“Thrift store shopping is not just a trend,” Kong said. “With Beacon’s Closet, Housing Works, and Buffalo Exchange, it has become a new channel of retail experience.”

The storefront of “Holiday Bizarre,” created by students in the Visual Presentation and Exhibition Design Department. The Merchandising Society is staffing the shop.

The space didn’t pop up out of nowhere. Earlier this year, the MSK Thrift Shop worked with two VPED classes, led by Kong and Adjunct Assistant Professor Mary Costantini, to invent and execute a retail concept to bring secondhand fashion to FIT. One of the classes, on “point of sale,” teaches pop-up shops; the other involves building installations for visual merchandising.

There was no shortage of fun proposals: a gingerbread house, an antique circus, an homage to Bryant Park holiday shops, everything purple, and more. But the Surrealism idea won out for a few reasons. First, it reflected the artistic bent of the School of Art and Design. Second, it didn’t hew to any particular religion. Third, it coincided with an exhibition at the Museum of Modern Art about René Magritte. Fourth, it had a killer name.

“Originally it didn’t have the name, and I said it needed one,” Kong remembered. “When the students came back with ‘Holiday Bizarre,’ everything changed.”

Shopping at the “Holiday Bizarre” is totally surreal.

The students had three weeks and $4,000 to build it. They crafted a storefront to look like picture frames and made eyeball ornaments out of beach balls. The details are all there, too: hand-printed hang tags, customized shopping bags, a Magritte shower curtain for the changing room, and other surprises.

They also worked with the thrift shop to curate the merchandise for the FIT community. (Net-A-Porter also donated new and slightly damaged pieces.) Considering a pair of Louboutins already went for $550, Hue thinks they got it right.

Update: The final sales tally after five days was a whopping $35,000. Bravo to all involved!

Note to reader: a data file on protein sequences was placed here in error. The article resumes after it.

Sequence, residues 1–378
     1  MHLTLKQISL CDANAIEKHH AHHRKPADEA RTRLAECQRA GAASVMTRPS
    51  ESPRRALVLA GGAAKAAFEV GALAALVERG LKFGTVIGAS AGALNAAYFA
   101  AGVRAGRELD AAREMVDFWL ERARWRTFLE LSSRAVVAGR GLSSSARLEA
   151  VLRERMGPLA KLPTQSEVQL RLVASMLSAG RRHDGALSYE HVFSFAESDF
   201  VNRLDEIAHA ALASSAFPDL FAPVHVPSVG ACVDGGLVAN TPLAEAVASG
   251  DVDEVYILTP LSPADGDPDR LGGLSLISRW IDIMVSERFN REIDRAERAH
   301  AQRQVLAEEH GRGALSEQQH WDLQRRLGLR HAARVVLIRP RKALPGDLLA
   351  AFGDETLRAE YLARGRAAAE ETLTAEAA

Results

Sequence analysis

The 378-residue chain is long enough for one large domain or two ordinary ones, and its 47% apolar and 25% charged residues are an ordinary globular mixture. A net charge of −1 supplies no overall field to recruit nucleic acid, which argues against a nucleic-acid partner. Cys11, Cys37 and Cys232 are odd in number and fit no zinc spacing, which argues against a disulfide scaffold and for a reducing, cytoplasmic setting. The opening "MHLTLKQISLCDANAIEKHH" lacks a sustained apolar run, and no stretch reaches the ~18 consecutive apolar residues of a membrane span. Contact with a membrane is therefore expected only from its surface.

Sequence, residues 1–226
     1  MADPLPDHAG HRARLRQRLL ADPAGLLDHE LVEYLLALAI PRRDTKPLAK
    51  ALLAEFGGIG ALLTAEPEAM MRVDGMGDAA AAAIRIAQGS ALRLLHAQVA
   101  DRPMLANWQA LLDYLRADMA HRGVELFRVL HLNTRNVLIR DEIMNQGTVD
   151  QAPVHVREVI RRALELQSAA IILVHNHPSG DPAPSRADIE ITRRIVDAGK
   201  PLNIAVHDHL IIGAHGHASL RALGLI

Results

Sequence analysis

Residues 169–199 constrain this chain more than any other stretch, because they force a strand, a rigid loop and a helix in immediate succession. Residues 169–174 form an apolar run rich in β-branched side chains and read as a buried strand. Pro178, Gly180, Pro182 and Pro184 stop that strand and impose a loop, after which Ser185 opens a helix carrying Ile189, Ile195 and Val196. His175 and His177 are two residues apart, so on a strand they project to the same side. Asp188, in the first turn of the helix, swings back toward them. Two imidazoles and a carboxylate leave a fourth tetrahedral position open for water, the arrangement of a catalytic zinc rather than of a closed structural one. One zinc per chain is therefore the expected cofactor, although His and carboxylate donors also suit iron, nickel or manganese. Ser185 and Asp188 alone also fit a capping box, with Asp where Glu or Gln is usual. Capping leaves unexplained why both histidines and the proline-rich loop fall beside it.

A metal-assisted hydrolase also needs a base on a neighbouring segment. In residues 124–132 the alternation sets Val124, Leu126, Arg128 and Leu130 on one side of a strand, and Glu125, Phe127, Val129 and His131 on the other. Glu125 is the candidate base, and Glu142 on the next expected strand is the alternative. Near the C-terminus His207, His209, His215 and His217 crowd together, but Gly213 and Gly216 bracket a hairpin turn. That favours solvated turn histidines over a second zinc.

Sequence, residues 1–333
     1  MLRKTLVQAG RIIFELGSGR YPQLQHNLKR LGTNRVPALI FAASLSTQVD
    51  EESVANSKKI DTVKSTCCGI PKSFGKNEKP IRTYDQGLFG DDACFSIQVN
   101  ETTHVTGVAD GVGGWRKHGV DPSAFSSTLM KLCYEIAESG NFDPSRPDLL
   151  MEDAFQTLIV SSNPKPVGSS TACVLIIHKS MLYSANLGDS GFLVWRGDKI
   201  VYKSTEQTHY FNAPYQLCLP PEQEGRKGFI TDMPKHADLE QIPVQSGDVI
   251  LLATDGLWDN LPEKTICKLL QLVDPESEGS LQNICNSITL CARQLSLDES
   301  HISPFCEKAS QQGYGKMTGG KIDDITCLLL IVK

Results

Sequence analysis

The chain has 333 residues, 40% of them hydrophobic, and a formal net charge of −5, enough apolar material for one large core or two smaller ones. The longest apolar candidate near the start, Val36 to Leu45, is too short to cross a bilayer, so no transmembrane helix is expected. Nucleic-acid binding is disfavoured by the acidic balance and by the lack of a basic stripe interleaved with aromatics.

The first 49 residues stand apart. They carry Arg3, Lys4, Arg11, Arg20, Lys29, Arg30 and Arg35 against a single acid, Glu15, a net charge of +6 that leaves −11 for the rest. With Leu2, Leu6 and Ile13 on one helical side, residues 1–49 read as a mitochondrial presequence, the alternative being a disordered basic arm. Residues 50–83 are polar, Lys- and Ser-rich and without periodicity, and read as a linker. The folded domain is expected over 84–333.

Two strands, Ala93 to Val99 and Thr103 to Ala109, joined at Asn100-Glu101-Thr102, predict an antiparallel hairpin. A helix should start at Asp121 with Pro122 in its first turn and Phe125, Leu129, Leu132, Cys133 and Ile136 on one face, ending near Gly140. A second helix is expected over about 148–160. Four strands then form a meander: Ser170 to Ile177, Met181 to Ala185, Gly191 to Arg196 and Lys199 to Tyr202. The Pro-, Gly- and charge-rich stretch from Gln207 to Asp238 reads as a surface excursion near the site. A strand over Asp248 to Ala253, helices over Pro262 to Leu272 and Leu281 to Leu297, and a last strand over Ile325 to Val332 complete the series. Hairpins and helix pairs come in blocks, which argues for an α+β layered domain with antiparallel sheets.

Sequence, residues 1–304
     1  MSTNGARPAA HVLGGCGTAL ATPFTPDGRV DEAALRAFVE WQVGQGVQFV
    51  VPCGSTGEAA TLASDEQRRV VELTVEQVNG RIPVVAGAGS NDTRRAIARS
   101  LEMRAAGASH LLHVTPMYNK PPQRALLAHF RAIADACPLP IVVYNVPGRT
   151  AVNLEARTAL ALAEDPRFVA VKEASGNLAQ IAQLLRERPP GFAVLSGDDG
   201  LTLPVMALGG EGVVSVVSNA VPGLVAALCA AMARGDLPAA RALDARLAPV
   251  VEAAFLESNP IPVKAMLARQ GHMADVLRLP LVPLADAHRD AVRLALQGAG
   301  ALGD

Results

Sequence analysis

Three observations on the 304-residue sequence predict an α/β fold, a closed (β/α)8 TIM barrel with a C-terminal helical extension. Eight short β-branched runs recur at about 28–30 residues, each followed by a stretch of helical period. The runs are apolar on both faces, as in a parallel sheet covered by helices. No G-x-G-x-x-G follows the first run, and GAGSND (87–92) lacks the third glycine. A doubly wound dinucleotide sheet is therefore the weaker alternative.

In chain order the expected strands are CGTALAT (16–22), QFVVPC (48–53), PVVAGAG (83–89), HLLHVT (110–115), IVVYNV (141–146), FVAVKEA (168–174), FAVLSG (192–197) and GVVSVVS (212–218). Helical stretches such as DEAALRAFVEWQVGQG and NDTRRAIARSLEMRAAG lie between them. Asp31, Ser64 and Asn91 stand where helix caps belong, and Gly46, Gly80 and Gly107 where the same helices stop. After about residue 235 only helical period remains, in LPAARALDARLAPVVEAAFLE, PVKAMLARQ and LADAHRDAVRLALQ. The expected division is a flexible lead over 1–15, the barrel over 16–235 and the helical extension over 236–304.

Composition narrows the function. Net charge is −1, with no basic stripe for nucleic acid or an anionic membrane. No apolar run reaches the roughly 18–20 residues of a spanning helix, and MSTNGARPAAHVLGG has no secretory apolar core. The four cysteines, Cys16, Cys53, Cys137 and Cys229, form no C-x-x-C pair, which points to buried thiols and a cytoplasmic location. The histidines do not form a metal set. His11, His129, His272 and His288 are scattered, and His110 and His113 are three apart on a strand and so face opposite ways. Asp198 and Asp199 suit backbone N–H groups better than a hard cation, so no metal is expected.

“If you get the chance to be on TV, take it!” Cathy Hobbs, Interior Design ’06, advised a group of students and alumni in the John E. Reeves Great Hall on Tuesday. “It’s the gift that keeps on giving.”

Hobbs was one of three alumni TV stars invited to talk about their careers in the spotlight on Tuesday, in the culminating event of Alumni Day of Legacy Week. Brian Williams, Fashion Merchandising Management, vice president of alumni affairs for the FIT Student Association, moderated.

All three stars were glad they said yes to the tube.

“TV has made me an international figure,” said Sondra Celli, Menswear Design and Marketing ’78, known for her TLC shows My Big Fat American Gypsy Wedding and Bling It On. (When TLC called her about the show, she was initially hesitant.) “I could never have bought this much press.”

“I never thought I’d become a gypsy designer,” Sondra Celli said. “They pulled my name out of someone’s Rolodex and started calling me.”

Hobbs, a TV reporter and finalist on Season 6 of HGTV’s Design Star, remembered the taping process as being incredibly intense. She was picked up in a van and left in a hotel without her cell phone or wallet. “It was like being incarcerated.” And she was miked constantly. Whenever her microphone was off, she was “on ice,” which meant she wasn’t allowed to speak. Oh, and her daughter was one year old at the time.

For Cathy Hobbs, Interior Design ’06, “Reality shows seemed like the shortest line between two points.”

Daniel Silverstein, Fashion Design ’10, found the auditions for Fashion Star very daunting. A casting agent emailed him, offering a VIP interview. When he got to the show, he understood that he might not be so special after all. “There were 100 VIPs and also a line of not-VIPs around the block.”

“Because of the show, I’ve sold to Saks, I’ve sold to Macy’s, I’ve sold to Express,” Daniel Silverstein said. “When I exhibit at trade shows, buyers think, ‘NBC invested in you, so I can too.'”

But all three have survived their dabblings with reality. Celli’s business has expanded by leaps and bounds. Hobbs has a line of paints, with other products coming soon. And Silverstein has already sold a million dollars worth of his product.

As soon as there’s a reality show that pits writers and editors against each other in a series of solitary, internal challenges, Hue is definitely going to audition.

Celli will rhinestone anything: glasses, shoes, even toilet paper. (Honey Boo Boo, eat your heart out.)